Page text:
Engagement isn’t the answer to every organizational challenge. But it does seem clear that highly engaged workplaces are more productive than less engaged workforces. And almost every organizational challenge I can think of gets solved more effectively and faster with an engaged workforce working the solution and being led by managers who are personally leading the way.

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Filed under BlessingWhite, China Gorman, Connecting Dots, Data Point Tuesday, Engagement, HR Data, Managerial Effectiveness, Workforce Management

Candidate Experience vs. the Black Hole

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A couple of months ago I shared some data from an Aberdeen Group report about benchmarking quality of hire best practices here. It’s a great benchmark list of outcomes.  But how about the inputs?

More specifically, in terms of quality of hire, how about benchmarking the quality of the candidate experience? Call me crazy, but it seems to me that a higher quality candidate experience translates into a higher quality of hire.

As background, The Talent Board was formed in January 2011 to assist recruiting organizations in understanding and evaluating the experiences of their candidates.

“While there is an inherent dissatisfaction that comes with rejecting employment candidates, the Talent Board believes that it is possible to:

  • Treat all employment candidates with professionalism and respect
  • Shrink the recruiting “blackhole” effect on candidates.”

The Talent Board founders, Gerry Crispin, Elaine Orler and Ed Newman and their colleagues have just produced the 2012 Candidate Experience report from their survey and awards program.   In its second year, the research was based on survey responses from 90 companies (up from 57 in 2011) and more than 17,500 completed candidate surveys (up from 11,500).

To be clear, that’s 17,500 candidates for employment answering questions about their experience as an applicant in four defined phases of the talent acquisition process:

  1. Candidate attraction
  2. Expression of interest
  3.  Candidate dispositioning before the finalist stage
  4. Candidate evaluation & selection

The report gives data from the employer questionnaire as well as from the candidate questionnaire.  As examples, here are two such questions.  Interesting to note the differences between employers and their candidates.

CandE Emp #34 Cand #20

But for most, the topic of most interest is the infamous “black hole” – that old familiar experience of applying for a job by filling out an application on line, attaching a resume to an online application or email, or using snail mail to send in a resume … and never getting a response.   Worse, the black hole could happen after a phone interview.  Or after a face-to-face interview.  At the entry level.  At the professional level.  At the executive level.  Yes the black hole is everywhere. In every industry, geography and size of company.  We’ve all experienced it. And we’ve all derived meaning from it.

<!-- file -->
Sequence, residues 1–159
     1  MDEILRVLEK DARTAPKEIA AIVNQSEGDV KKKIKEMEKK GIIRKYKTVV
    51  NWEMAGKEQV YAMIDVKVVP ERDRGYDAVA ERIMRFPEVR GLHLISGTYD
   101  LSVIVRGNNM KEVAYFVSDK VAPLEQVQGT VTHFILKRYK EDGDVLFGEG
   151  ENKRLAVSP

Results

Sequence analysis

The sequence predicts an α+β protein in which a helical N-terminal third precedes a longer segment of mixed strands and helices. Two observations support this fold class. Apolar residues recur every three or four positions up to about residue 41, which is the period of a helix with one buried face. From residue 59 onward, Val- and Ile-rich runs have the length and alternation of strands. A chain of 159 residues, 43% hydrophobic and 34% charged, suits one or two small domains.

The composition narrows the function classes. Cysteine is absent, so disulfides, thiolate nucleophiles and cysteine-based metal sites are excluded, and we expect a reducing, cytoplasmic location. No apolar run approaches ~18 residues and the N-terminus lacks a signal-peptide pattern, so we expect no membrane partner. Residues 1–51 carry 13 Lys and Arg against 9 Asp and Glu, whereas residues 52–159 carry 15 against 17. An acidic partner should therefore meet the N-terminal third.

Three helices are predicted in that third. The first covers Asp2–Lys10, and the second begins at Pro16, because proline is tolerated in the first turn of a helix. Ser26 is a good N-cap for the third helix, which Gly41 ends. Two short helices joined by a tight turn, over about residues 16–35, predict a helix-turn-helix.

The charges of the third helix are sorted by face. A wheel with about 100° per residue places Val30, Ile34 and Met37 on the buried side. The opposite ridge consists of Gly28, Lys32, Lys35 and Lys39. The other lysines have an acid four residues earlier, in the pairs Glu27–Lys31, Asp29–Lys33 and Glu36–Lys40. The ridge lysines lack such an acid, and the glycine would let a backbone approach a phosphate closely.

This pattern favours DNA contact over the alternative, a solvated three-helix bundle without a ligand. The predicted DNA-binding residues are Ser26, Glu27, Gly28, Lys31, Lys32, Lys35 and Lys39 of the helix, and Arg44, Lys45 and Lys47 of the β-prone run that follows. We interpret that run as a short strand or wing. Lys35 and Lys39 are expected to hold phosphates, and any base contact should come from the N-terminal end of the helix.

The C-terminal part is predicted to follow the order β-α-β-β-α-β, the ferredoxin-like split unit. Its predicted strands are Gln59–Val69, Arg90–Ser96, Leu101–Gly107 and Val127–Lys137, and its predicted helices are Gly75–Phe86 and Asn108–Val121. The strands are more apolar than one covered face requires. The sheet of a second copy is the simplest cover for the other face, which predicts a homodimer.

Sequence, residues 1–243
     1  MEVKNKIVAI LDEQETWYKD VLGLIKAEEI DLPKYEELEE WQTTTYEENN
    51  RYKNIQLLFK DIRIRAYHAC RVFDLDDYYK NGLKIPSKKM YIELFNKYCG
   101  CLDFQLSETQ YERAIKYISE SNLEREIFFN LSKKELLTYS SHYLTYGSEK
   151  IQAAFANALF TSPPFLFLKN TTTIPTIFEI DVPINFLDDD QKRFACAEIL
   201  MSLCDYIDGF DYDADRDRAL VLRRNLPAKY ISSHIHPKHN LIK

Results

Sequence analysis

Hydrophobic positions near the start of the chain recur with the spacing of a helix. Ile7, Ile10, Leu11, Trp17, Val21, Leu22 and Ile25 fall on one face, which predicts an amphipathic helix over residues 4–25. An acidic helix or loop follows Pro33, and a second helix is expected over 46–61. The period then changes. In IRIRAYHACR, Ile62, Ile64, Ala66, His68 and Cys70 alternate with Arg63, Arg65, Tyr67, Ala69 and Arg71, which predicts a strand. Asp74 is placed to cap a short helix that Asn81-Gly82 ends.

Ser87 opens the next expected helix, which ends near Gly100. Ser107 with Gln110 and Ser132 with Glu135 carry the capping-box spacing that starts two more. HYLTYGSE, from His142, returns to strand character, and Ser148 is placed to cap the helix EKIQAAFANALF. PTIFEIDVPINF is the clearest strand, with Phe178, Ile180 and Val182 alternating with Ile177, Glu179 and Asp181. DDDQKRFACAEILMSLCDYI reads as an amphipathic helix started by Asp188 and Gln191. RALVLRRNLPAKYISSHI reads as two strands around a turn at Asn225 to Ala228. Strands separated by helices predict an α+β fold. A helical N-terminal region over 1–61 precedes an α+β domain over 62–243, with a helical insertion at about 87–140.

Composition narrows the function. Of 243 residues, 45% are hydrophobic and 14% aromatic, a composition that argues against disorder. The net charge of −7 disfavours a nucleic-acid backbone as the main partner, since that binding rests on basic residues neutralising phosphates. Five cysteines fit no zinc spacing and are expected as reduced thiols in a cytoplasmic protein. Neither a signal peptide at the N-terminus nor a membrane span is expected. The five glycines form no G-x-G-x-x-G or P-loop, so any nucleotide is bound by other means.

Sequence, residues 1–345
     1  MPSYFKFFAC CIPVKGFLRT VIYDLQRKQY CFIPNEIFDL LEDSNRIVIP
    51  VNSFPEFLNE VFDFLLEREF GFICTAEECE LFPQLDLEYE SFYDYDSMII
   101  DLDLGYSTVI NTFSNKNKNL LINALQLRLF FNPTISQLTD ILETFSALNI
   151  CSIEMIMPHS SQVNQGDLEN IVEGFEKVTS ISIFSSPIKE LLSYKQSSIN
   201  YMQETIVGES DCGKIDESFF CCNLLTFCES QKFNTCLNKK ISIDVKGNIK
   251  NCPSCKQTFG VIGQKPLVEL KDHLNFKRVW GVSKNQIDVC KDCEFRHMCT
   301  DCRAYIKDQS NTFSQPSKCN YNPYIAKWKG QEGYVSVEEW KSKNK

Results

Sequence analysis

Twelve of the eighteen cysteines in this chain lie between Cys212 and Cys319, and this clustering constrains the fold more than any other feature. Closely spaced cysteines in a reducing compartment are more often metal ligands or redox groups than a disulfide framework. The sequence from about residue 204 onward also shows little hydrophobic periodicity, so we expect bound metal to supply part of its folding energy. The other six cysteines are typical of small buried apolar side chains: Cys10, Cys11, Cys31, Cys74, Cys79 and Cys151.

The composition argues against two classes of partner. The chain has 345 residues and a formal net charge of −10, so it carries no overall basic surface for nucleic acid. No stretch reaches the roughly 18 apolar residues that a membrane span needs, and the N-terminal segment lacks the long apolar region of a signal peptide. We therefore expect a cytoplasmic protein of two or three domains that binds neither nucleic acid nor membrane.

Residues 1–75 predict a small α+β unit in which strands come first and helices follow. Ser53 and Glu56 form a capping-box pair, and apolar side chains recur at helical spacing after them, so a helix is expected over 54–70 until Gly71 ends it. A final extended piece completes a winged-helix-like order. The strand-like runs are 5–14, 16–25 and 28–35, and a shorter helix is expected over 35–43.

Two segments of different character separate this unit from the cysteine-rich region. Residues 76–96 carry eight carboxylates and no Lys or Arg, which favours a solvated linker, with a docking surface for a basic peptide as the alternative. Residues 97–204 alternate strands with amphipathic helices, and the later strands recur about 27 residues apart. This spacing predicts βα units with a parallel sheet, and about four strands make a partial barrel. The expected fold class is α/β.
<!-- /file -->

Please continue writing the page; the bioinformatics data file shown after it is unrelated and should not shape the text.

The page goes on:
The 90 employers that participated in the Candidate Experience Survey last year are paying attention to the black hole.  And while a boilerplate email message from a “do not reply” address notifying an applicant that they won’t be a candidate is only a smidge better than the black hole, bad communication is better than no communication and it’s a baby step in the right direction.  The report goes on to show guarded optimism that while some employers are beginning to provide feedback to disposed candidates when asked, not many are making it a standard practice.

But here’s the kicker:   fully one third of candidates from employers who care about the black hole were provided no specific feedback about their application. And nearly half received a standard email template with no specific information.

CandE Candidate Question #36

One third got no feedback. Zero. Zip. Nada. That’s a massive black hole, right there. And think what meaning is derived from it about the employer’s brand, culture, management, products and services. Connecting those dots isn’t hard.

So.  While a few employers are connecting the dots between quality of hire and quality of candidate experience, it’s clearly not enough.  If your organization is beginning to look at quality of hire metrics, don’t forget the candidate experience.  I’m not sure you can improve one without improving the other.

And check out the process for participating in the 2013 CandE Awards program.  You can’t improve future performance without a clear understanding of current performance.  That includes quality of hire – which surely includes the candidate experience.  Time to get rid of the black hole!

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Filed under Black Hole, CandE Awards, Candidate Experience, China Gorman, Connecting Dots, Data Point Tuesday, HR Data, Quality of Hire, Talent Acquisition, Talent pipeline, The Talent Board